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This Wonderful Life

June 18, 2009

This Wonderful Life: Welcome home, no matter where you are

It must be nice to spend your young life in a place where the physical and social landscape feels like home.

I grew up in the South, in a part of Florida that is securely under the buckle of the Bible Belt. Sure, there was all that drawling Southern charm, Spanish moss and porches in the old section of town laced with gingerbread and appointed with swings and rockers.

But if you pitted zealous obedience against openminded curiosity, obedience always emerged victorious. If you thought your opinions might run counter to the status quo, you didn’t speak too loudly in restaurants or let too many people know how you felt and thought.

Everyone was presumed Republican until proven Libertarian.

I never felt at home. This week, I was back in the South — not in my hometown, but in Richmond, Va., where my Aunt Vera lives. I haven’t been there since last year, when my grandmother suffered a double blow from a bout of shingles and then a stroke, and things looked bad. It was a most difficult trip — draining in the extreme. My grandmother survived that, only to die a couple months later.

In the South, stories often start out looking very cheery, only to take unexpectedly dark turns.

``I’ll always remember the Fourth of July picnic where Miss Marguerite brought that delicious peach pie and Clem’s oldest boy lost three fingers in a freak tug-a-war accident.’’ This trip doesn’t take a turn that dark.

Throughout my life, I have enjoyed visiting my Aunt Vera more than just about anything else.

When I was a little girl, her attic was a nirvana of dress-up possibilities. On one trip, she allowed me to wear her silver fox fur stole throughout the entire visit. My mother made me remove it at mealtimes, but I vaguely recall sleeping with the thing.

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This Wonderful Life
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    November 25, 2009

  • This Wonderful Life: I wish someone had told me Disclaimer: Because my son more or less demanded that I stop using him and his life as material for my column back when he was 12 or 13, I want to make it perfectly clear to all my readers (and any legal professionals who are now retained or may be retained at some future time by aforementioned son) that this column is not about him. It’s about me. The fact that he happened to turn 21 on Saturday is mere coincidence. So help me God.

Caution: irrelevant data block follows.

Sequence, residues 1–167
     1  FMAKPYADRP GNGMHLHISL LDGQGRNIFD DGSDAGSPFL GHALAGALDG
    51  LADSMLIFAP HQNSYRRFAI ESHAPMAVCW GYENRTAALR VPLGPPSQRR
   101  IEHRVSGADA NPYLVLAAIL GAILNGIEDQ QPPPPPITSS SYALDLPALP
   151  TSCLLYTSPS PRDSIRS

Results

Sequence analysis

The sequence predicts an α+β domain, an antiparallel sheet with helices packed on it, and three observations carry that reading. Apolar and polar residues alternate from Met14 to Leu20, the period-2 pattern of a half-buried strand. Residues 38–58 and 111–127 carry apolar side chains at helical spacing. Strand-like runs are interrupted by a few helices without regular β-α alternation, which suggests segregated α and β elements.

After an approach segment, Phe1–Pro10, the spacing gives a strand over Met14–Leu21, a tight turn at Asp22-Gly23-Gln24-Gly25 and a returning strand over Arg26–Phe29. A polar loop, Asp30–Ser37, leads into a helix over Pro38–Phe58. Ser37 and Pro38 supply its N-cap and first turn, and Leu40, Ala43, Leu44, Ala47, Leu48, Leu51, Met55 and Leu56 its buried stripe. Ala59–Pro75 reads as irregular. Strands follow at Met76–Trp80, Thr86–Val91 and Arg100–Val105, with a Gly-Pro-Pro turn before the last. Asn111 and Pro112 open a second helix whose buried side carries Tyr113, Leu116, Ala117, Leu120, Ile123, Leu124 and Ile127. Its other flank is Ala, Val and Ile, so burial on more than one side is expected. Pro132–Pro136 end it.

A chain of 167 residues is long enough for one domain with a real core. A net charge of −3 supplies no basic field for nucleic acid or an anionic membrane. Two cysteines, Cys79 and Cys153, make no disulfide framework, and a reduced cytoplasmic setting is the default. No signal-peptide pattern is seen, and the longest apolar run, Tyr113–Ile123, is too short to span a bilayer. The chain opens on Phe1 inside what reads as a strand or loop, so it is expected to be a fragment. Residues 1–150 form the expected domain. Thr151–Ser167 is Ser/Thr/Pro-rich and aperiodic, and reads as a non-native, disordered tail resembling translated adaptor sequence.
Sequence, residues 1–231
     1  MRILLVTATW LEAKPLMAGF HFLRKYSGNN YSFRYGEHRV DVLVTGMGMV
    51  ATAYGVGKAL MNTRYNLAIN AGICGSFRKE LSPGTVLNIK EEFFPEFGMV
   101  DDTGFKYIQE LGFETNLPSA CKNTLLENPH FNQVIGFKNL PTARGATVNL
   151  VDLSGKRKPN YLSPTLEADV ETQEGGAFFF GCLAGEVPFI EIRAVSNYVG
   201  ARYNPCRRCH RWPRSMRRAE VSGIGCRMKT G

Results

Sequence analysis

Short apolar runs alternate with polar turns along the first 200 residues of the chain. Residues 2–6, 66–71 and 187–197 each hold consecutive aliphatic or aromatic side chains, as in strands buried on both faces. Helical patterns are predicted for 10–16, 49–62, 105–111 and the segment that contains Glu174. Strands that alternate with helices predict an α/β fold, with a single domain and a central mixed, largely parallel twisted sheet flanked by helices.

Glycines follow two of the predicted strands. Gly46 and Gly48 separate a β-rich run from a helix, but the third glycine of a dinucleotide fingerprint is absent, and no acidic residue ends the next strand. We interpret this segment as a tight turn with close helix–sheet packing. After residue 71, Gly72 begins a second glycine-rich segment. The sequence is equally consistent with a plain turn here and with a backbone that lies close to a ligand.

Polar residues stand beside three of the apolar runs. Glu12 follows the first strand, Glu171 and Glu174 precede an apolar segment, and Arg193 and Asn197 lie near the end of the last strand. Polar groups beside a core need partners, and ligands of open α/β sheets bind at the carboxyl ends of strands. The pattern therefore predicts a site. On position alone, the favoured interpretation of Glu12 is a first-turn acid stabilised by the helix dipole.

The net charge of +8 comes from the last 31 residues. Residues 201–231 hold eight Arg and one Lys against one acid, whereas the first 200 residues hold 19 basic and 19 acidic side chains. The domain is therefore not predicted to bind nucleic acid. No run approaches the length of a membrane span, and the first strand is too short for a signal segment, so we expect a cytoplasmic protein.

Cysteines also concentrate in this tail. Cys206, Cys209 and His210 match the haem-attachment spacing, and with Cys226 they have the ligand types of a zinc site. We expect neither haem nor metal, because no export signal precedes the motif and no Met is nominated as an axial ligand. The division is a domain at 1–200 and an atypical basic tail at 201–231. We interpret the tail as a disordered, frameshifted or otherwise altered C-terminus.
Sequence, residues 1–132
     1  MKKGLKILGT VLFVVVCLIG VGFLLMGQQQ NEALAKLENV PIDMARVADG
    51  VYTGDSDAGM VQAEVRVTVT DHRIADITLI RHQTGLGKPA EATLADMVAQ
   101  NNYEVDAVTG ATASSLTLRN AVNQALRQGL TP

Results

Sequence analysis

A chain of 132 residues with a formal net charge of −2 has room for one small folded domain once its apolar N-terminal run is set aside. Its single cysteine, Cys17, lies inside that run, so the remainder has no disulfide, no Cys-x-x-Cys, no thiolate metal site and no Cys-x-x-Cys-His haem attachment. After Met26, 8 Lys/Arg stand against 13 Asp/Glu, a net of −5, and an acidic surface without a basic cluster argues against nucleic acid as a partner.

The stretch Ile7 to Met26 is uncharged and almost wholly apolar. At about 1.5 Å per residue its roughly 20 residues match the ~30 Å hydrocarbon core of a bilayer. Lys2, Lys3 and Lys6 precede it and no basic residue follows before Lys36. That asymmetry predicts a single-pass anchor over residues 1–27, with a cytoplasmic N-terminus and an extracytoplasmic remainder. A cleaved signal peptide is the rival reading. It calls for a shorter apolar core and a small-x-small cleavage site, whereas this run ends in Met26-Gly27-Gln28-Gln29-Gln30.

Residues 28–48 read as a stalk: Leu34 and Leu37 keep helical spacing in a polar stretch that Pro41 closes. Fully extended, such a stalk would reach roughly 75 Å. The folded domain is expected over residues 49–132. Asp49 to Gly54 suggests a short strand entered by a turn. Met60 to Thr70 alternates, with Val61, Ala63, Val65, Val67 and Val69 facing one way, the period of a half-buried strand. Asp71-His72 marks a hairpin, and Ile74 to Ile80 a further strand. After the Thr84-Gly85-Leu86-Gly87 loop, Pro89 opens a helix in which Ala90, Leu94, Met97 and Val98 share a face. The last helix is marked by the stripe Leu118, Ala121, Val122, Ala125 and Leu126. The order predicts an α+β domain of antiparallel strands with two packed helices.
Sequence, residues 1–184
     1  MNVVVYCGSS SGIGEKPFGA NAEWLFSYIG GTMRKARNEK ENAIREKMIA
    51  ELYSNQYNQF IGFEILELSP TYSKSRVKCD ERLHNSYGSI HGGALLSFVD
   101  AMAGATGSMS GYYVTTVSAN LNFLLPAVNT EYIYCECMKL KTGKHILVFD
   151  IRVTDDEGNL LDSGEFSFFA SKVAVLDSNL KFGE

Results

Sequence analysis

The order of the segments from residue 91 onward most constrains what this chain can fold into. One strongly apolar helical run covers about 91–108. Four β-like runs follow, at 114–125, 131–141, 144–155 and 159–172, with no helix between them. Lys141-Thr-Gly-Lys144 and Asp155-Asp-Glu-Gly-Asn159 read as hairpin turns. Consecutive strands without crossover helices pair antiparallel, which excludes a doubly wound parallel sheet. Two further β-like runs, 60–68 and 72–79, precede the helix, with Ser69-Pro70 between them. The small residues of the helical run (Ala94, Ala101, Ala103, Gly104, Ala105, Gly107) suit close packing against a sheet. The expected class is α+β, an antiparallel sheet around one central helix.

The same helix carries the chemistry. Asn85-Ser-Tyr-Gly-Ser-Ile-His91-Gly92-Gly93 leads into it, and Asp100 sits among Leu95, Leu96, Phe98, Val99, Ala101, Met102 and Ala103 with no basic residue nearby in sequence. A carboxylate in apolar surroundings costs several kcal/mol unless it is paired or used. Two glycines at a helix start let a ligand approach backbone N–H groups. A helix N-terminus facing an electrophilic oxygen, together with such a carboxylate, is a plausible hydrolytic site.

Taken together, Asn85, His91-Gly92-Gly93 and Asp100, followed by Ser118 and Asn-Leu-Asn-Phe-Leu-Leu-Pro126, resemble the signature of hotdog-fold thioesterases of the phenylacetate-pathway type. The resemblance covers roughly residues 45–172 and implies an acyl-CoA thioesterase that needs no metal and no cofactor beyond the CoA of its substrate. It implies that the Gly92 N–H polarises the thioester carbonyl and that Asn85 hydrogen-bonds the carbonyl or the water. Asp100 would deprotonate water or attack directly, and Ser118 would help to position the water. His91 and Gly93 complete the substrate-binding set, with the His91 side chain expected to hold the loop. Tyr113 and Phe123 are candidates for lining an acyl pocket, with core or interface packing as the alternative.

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  • This Wonderful Life: A view through bare branches Every morning, Bee and I stand at the end of the driveway waiting for her bus and we look up into the branches of the elm tree that arches over the drive.

    November 5, 2009

  • This Wonderful Life: To Posey on her fourth So here we are, on the other side of 3-years-old, and it seems we both survived it intact. It wasn’t easy, but perhaps it made us both stronger.

    October 30, 2009

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    October 8, 2009

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    October 2, 2009

  • This Wonderful Life: I sssssseeeeeee you there The first thing you should know is that I used to suffer from a snake phobia. The operative word there is phobia. It wasn’t just a matter of disliking snakes. It wasn’t a fear of being bitten. It wasn’t a simple reluctance to touch their impossibly dry, nimble bodies.

    September 24, 2009

  • This Wonderful Life: What’s so funny? My kids, I hope In my experience as a three-time parent, there is something absolutely, spiritually magical about the first time your child cracks a joke.

    September 17, 2009

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    September 10, 2009

  • This Wonderful Life: A harvest that’s good for the soul Signs of harvest are all around. The afternoon sun glows amber over the fields and the farm stands are filled to overflowing with vegetables and fruit. We’re lucky to live in a place where we can have such an immediate connection to the food we eat.

    September 3, 2009